Bridging finance can prove a “wise investment”

Bridging finance can prove a “wise investment”


To state the blindingly obvious, the economic downturn has affected everyone. Brokers are struggling, retailers are closing, companies are shaving off staff at an alarming rate and even Manchester United has just lost its main sponsor. 

However, some people are facing a very different set of problems altogether. For investors, the question right now is: where do I put my money?


Confidence in the banking sector has been severely damaged; the base rate has been slashed so low that the interest on savings deposits barely amounts to more than small change; and the stock market is looking riskier than ever, with no one knowing when prices are going to bottom out, or what company will collapse next.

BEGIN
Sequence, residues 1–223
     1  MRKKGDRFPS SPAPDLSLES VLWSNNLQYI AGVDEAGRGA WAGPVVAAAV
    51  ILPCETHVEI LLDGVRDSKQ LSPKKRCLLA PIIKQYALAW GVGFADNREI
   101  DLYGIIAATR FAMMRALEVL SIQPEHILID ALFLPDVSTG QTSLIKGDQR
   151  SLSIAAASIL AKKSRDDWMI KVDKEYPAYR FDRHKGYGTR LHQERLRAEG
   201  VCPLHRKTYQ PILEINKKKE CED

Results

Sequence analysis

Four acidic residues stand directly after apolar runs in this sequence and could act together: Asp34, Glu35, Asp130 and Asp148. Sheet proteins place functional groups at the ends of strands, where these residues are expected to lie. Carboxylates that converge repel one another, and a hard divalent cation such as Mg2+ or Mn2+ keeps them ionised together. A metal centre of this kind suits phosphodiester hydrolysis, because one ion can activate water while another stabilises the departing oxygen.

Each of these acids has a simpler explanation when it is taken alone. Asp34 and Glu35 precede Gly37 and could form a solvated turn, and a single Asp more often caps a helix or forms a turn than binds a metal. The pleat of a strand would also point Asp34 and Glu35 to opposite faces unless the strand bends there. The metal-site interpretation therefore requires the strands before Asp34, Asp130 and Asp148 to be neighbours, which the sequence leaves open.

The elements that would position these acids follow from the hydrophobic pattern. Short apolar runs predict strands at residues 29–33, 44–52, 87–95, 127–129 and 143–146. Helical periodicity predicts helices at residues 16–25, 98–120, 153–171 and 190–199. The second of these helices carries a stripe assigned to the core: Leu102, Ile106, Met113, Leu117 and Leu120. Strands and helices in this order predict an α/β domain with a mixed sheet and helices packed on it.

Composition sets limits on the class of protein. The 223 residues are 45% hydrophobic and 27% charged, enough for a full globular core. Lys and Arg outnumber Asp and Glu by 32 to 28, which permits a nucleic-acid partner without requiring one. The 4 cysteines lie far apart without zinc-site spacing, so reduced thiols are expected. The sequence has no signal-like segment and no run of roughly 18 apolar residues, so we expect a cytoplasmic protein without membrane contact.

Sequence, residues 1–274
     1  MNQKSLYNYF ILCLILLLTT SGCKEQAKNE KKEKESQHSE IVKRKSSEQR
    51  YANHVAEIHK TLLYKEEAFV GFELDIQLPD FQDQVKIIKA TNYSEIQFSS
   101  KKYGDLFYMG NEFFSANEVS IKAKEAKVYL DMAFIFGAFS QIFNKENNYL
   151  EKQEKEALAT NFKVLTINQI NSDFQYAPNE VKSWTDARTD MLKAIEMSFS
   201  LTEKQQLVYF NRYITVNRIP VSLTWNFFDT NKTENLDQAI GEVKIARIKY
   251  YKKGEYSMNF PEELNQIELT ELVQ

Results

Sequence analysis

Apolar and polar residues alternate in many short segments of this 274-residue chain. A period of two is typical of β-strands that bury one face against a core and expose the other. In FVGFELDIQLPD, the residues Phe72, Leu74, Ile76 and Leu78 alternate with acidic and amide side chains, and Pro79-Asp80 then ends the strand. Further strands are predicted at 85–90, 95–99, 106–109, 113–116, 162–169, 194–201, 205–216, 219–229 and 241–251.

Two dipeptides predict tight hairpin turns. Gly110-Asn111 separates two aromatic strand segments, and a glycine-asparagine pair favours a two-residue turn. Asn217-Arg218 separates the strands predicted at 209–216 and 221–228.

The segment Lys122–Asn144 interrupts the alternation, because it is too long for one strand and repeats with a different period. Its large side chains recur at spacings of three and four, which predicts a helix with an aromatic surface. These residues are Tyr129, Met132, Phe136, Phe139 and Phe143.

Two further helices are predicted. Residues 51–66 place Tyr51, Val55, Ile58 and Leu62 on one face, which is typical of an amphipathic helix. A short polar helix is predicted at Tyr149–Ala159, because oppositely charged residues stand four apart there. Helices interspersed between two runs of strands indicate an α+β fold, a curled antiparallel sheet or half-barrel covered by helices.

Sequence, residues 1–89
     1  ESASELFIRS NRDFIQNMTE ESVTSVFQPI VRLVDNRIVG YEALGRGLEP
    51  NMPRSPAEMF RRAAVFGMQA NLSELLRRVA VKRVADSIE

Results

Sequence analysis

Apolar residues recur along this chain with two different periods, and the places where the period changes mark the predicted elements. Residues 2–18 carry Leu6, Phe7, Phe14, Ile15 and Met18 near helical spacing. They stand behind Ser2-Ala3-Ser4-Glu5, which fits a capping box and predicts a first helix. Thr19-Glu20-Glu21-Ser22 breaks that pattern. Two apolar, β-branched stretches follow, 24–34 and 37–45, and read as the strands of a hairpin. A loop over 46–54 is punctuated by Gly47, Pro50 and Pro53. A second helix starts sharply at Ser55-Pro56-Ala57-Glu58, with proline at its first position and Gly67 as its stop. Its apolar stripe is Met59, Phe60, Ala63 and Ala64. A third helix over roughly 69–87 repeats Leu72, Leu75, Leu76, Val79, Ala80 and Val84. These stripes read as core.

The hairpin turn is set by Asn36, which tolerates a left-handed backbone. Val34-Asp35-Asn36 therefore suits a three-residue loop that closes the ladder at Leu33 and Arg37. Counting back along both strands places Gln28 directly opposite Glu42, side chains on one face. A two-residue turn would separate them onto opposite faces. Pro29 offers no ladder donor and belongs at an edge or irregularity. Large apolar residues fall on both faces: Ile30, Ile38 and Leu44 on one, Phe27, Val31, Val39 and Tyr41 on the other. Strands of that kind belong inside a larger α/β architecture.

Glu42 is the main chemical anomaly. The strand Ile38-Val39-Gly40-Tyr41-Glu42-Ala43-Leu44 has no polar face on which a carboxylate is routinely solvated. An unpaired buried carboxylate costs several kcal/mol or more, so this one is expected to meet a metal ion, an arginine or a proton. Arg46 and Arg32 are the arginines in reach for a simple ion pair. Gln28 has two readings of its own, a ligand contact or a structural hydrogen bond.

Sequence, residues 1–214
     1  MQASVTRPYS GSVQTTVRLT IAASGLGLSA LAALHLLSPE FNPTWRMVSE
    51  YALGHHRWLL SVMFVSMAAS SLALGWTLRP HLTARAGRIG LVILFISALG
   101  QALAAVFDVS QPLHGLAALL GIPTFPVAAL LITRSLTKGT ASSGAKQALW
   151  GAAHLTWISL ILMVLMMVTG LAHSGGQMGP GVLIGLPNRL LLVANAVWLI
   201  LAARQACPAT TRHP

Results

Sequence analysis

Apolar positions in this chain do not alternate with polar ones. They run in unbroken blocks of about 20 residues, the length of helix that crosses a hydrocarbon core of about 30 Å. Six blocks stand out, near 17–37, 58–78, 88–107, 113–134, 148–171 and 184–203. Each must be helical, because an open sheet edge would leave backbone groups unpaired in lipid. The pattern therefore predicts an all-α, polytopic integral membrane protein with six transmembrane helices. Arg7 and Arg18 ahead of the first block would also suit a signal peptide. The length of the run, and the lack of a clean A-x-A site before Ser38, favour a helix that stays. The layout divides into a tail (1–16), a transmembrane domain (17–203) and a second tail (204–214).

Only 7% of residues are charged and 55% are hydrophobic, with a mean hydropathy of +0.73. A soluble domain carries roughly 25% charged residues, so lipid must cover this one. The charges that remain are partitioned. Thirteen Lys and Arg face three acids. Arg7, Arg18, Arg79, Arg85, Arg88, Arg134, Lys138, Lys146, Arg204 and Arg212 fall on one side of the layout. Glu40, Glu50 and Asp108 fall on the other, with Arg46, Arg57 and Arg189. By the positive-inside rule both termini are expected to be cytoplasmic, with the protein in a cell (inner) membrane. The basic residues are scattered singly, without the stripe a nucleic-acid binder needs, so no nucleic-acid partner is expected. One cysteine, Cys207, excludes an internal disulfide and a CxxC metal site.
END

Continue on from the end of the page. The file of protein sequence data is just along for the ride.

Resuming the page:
For investors keen to put their money down somewhere, but simply unsure of where, investing in bridging finance could prove to be an attractive option.


The advantage of putting money behind short term lending is that investors get their returns back incredibly quickly, as the loans, plus interest, are paid back in less than nine months.


It is also seen as a relatively safe market. Lending large sums of money over short periods of time requires a certain expertise; therefore bridging lenders are renowned for their caution and good judgement.


As Adrian Bloomfield, the chief executive of the Association of Short Term Lenders explains: “Investment opportunities are few and far between at present. If you’re sitting on a very large amount of money that you want to invest, where would you invest it today? Making funds available for short term lenders could turn out to be a wise investment. Short term lenders are very focused on profit. After all, there’s no point in lending anyone money unless you can make a margin on the fund.”  

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